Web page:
The Magpies take on Wigan Athletic in the first round proper of the FA Cup on Sunday at the DW Stadium – a match which will be screened live on BBC Sport’s digital platforms.
For Kay – who is responsible for caring and cultivating the pitch at Victory Park – it is the dream tie on a personal level.
He supported Wigan as a boy and was lucky enough to earn a two-year apprenticeship with the club at the age of 16, before going on to become a professional.
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Unfortunately, Kay left the DW Stadium at the age of 19 without making a Football League appearance, although he did feature for the club in a Leyland DAF Trophy encounter at Walsall.
Kay – who was the head groundsman at Fulwood Academy before moving to Chorley – admits he will never lose his allegiance to the Latics, but tomorrow he will be hoping for nothing other than a Magpies’ victory.
“It’s the dream tie for me,” said Kay. “I know somebody from the supporters’ club put on Twitter early last week before the draw asking who would everybody like in the first round.
“I always take the Mickey and say I want the Barcelona of the North West – Wigan Athletic.
“ They all wind me up when I say that but when the draw came out, I was sitting in my living room with my wife Laura and I went absolutely mental.
“The wife was going mad at me telling me to calm down.
“I have been a Wigan fan all my life from the age of eight or nine.
“I used to go on Springfield Park with my friends.
“I played at the centre of excellence from the age of 11 up until I was 16 when I got offered a two year YTS. Then I went on to be a pro for a year under Paul Jewell when he was manager.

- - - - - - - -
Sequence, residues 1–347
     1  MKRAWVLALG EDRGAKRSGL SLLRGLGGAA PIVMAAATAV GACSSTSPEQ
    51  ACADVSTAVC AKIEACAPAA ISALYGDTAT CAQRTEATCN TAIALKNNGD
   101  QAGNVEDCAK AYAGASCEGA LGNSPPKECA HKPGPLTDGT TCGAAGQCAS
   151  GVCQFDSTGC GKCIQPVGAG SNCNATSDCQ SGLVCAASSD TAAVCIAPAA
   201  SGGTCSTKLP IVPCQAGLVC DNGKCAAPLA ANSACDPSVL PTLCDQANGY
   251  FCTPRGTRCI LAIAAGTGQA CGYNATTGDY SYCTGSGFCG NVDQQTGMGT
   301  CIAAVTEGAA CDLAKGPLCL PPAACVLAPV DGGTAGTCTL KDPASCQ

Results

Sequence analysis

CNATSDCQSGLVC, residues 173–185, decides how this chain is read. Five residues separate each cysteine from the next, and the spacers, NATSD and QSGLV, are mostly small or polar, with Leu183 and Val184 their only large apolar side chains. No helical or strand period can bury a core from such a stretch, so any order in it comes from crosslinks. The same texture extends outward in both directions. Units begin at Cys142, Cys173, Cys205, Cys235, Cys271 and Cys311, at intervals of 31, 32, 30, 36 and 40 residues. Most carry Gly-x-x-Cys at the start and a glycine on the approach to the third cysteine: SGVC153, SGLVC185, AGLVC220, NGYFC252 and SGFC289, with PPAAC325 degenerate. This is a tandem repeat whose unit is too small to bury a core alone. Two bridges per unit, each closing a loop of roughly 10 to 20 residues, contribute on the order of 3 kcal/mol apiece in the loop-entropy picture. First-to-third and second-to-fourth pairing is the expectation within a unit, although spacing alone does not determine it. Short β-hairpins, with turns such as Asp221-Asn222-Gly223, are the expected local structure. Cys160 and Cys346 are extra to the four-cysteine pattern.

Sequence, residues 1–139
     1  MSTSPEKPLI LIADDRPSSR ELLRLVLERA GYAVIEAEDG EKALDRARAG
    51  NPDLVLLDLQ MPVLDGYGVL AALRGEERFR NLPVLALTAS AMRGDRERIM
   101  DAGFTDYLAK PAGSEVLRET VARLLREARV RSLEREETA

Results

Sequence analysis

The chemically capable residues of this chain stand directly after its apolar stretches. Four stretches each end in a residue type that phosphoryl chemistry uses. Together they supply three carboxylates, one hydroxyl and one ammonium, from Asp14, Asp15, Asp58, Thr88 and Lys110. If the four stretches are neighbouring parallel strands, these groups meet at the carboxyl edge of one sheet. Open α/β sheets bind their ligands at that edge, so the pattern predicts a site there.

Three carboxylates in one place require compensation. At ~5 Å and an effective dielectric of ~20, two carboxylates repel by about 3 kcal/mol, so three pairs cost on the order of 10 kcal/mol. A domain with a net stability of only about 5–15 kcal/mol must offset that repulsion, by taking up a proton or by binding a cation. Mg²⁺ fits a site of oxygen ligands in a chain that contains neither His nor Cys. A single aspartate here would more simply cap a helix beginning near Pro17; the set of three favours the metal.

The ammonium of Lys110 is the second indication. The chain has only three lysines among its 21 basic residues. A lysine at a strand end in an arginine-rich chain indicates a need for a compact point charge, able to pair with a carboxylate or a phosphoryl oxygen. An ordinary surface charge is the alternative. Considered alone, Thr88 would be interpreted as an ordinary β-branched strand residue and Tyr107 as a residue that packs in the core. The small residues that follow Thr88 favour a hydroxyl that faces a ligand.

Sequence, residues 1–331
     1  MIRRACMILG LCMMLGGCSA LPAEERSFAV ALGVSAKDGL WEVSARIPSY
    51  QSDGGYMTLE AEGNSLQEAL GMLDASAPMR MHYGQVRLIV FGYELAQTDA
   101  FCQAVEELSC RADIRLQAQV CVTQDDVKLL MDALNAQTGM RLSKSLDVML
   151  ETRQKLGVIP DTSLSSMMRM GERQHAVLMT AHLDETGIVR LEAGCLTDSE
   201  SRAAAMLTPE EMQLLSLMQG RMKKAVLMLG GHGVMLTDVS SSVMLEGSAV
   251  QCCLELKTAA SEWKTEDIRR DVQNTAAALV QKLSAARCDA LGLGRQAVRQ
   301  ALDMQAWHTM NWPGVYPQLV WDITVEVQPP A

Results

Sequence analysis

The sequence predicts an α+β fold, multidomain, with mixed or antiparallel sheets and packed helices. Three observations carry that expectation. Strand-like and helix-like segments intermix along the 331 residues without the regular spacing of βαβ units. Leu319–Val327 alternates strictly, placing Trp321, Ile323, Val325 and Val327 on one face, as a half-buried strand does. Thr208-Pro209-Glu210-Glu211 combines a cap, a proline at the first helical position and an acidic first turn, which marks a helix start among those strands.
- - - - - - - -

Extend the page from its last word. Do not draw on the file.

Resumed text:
“I still follow Wigan but I’ll be honest – I want Chorley to win this weekend.
“We have worked hard to get to this stage of the competition.
“It’s not every year a club like Chorley gets to the first round, whereas Wigan go straight into the first round.
“I feel it means more to Chorley than it does to Wigan so I want Chorley to win.
“It’s going to be tough but if we can keep a clean sheet, there is always the chance we can nick one.”
It was back at the turn of the century that Kay began to make a name for himself with the Latics, impressing at youth level.
His ability to play in a wide variety of positions from centre-forward to centre-half certainly worked in his favour.
It was Bruce Rioch who handed him his first-team debut on January 30, 2001, when the Latics travelled to the Bescot Stadium.
He was still a trainee and was pitched into the starting XI for the encounter which Wigan went on to lose 2-1.
Following that he was handed a pro deal but unfortunately found his way into the first team blocked as Wigan – managed by Jewell and backed by owner Dave Whelan – began to spend money in an attempt to rise up the football pyramid.
“Obviously it was a dream come true to be signed as a professional by your hometown club, the club you supported as a kid,” said Kay, who has an 11-year-old son called Isaac and a daughter Harriet (4).
“It was a great feeling especially as I think out of the 11 YTS lads there were only two of us who were handed a professional contract.
“It was in that time frame when the club was signing lots of players, so I was up against people like Lee McCulloch, Peter Kennedy and Jason De Vos.
“These were international footballers so it was always going to be hard for me to break into the team.
“But it is one of those experiences which nobody can take away from you.
“Could I have broken into the first team? I think it’s different now to what it is these days.
“Young lads are getting two, three or even four-year contracts and they can bide their time.
“I was an 18-year-old kid going up against international footballers.
“There was probably not the structure in place to nurture young kids.
“I think if I had been at a club like Bury or Rochdale, I might have got more opportunities and played more games.
“Wigan were just able to go out and sign an international footballer.
“I also think when Paul Jewel came in, he struggled at first and so was reluctant to give youth a chance.”
After leaving Wigan Athletic, Kay drifted into non-league playing for Congleton Town, Marine, Leigh RMI and Warrington Town.
At the age of 30, he became joint manager of Ashton Athletic, guiding the team to the LFA Challenge Trophy in 2017 when they defeated Radcliffe in the final.
From there he moved to Clitheroe to become Simon Haworth’s assistant before becoming the groundsman at Chorley.